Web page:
16. #16
    Senior Member oldbobcat's Avatar
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    Trike touring and racing is a club activity in the UK with quite a following. Check this out--http://www.tricycleassociation.org.uk/Home.html I'd like to see trike criterium racing with cornering on two wheels.

  17. #17
    just keep riding BluesDawg's Avatar
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    The more you ride your bike, the less your ass will hurt.

  18. #18
    Senior Moment bikegeek57's Avatar
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    That's funny. Thanks.
    Georgia state law stating that bicyclists “May Use Full Lane” when lane widths are not wide enough for motorists to safely pass cyclists and stay completely within the travel lane. (now all I have to do is convince GA drivers to read the law).

    Cannondale Synapse 6.

  19. #19
    Senior Member BigBlueToe's Avatar
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    My dad is 99 and was an avid cyclist all his life. Not a racer, but a commuter and recreational rider. He's very unhappy that we took his bike away when he hit about 92. His balance isn't what it was, and we worry that if he falls over he'll break every bone in his body. My wife and I are his "caretakers" (because we live a couple miles away.) My brothers and their wives, who live 1,000 miles away, would never forgive us if we aided my dad's wishes, let him ride his bike, and something tragic happened.

    Last week I saw the posting about the 103-year-old guy on a tricycle. My dad got very excited. We're now looking into a trike for him. In his case we're looking for an upright riding position, wide saddle, three speed rear hub, and light weight. We found one that folds, which would be nice since we want to be able to pick him and his trike up if he gets over-tired and needs a sag. He wants to ride it to the grocery store, which is about a half mile away, fill up the basket with groceries, and ride home. It sounds great, but we're thinking he might poop out at the store and need a ride home.

    I'll keep you posted.

  20. #20
    Senior Moment bikegeek57's Avatar
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    Quote Originally Posted by BigBlueToe View Post
    My dad is 99 and was an avid cyclist all his life. Not a racer, but a commuter and recreational rider. He's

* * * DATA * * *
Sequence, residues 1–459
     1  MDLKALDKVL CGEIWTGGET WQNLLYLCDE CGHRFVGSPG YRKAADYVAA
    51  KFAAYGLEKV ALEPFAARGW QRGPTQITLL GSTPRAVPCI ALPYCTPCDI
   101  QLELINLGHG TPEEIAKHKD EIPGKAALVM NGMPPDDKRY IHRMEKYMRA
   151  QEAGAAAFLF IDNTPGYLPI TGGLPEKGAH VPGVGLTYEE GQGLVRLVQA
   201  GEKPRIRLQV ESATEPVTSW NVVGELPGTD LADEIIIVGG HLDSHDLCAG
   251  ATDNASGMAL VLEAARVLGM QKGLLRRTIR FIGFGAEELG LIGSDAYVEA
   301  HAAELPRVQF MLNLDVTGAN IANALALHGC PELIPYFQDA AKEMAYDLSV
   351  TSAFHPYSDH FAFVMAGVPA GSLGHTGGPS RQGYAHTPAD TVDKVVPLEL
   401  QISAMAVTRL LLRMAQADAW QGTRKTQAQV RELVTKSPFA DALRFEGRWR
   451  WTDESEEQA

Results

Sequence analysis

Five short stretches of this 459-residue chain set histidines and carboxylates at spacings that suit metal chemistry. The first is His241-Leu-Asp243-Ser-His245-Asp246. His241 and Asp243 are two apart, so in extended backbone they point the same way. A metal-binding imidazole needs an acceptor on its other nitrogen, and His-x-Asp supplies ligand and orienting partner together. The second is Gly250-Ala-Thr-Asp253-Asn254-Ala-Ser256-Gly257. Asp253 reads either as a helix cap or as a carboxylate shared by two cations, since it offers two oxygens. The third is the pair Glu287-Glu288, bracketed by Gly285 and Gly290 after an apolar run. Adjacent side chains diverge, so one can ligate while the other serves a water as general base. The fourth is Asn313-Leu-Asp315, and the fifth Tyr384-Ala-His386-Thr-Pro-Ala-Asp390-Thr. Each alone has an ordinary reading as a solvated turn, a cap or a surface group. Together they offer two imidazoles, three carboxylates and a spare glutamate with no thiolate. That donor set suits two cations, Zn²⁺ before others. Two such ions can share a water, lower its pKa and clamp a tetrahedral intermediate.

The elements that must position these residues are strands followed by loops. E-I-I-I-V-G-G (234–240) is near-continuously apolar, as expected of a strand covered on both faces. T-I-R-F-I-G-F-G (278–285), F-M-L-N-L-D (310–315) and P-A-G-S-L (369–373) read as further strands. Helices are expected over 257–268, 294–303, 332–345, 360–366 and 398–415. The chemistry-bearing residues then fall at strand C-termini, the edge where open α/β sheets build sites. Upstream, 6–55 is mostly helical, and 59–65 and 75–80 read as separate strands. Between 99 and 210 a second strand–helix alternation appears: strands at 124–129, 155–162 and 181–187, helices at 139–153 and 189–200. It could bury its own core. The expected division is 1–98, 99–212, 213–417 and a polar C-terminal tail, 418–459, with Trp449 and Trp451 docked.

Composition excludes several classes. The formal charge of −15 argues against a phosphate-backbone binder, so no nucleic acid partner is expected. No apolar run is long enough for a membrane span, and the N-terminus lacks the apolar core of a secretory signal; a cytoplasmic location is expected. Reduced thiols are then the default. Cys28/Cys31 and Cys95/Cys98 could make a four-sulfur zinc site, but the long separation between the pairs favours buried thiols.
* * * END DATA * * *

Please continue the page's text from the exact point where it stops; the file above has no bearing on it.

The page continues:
Last week I saw the posting about the 103-year-old guy on a tricycle. My dad got very excited. .
    Saw that story too. Gives me some hope ;-) best of luck with your dad.
    Georgia state law stating that bicyclists “May Use Full Lane” when lane widths are not wide enough for motorists to safely pass cyclists and stay completely within the travel lane. (now all I have to do is convince GA drivers to read the law).

    Cannondale Synapse 6.

  21. #21
    tcs
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    Quote Originally Posted by BigBlueToe View Post
    We found one that folds, which would be nice since we want to be able to pick him and his trike up if he gets over-tired and needs a sag.
    More options out there than you might think.
    "When man first set woman on two wheels with a pair of pedals, did he know, I wonder, that he had rent the veil of the harem in twain? A woman on a bicycle has all the world before her where to choose; she can go where she will, no man hindering." The Typewriter Girl, 1899.

    "Every so often a bird gets up and flies some place it's drawn to. I don't suppose it could tell you why, but it does it anyway." Ian Hibell, 1934-2008

  22. #22
    Senior Member BlazingPedals's Avatar
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    BigBlueToe, if it's only a half mile to the store, don't worry about light weight or easy packing. If he peters out and needs a ride, you and your wife both drive up to get him and you ride the trike back.

    Dnvr, actually, since that pic was taken, I've replaced that little head cushion with a taller one.

  23. #23
    Gone DnvrFox's Avatar
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    Quote Originally Posted by BlazingPedals View Post
    Dnvr, actually, since that pic was taken, I've replaced that little head cushion with a taller one.
    And is it comfortable? I guess so, or you wouldn't ride it!
    Gone >> Gone >> Gone >> Gone >> Gone >> Gone >> Gone

  24. #24
    just keep riding BluesDawg's Avatar
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    I saw this one at a ride today. The guy rode a somewhat hilly 44 mile route in just over the time I rode 57. He is not disabled, but he works with people who are and he rides the hand cycle to help him relate to his clients.

    DSCF0804 by BluesDawg, on Flickr

    DSCF0828 by BluesDawg, on Flickr
    The more you ride your bike, the less your ass will hurt.

  25. #25
    Senior Member BlazingPedals's Avatar
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    Quote Originally Posted by DnvrFox View Post
    And is it comfortable? I guess so, or you wouldn't ride it!
    ...like lying back in a recliner to watch TV.